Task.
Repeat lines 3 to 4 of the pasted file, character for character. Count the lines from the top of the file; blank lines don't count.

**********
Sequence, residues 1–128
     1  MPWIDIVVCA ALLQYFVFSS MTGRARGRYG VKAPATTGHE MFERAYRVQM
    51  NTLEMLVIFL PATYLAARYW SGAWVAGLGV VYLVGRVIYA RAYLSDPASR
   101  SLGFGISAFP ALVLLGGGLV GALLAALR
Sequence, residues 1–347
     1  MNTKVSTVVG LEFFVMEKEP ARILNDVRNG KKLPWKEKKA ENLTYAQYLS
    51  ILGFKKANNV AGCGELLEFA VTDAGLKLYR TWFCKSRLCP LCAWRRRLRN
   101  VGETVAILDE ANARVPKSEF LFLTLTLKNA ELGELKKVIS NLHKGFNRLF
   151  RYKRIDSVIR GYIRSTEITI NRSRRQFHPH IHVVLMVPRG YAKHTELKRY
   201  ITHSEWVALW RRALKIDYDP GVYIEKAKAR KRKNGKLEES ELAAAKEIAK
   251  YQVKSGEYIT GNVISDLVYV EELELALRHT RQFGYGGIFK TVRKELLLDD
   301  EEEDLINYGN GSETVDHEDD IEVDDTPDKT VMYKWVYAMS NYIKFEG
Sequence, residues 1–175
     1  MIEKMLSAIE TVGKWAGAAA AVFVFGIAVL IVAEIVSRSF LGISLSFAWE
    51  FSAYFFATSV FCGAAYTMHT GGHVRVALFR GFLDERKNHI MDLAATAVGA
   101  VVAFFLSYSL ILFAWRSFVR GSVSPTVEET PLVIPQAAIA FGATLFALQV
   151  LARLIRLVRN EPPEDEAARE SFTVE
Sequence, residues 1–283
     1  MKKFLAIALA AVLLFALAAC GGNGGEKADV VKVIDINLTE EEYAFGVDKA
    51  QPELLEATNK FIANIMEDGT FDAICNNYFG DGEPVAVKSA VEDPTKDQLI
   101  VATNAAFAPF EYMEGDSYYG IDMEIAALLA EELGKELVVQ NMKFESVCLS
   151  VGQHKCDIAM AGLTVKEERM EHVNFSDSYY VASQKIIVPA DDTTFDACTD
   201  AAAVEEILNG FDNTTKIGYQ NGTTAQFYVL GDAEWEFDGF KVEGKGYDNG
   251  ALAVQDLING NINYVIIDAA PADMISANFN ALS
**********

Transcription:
    51  NTLEMLVIFL PATYLAARYW SGAWVAGLGV VYLVGRVIYA RAYLSDPASR
   101  SLGFGISAFP ALVLLGGGLV GALLAALR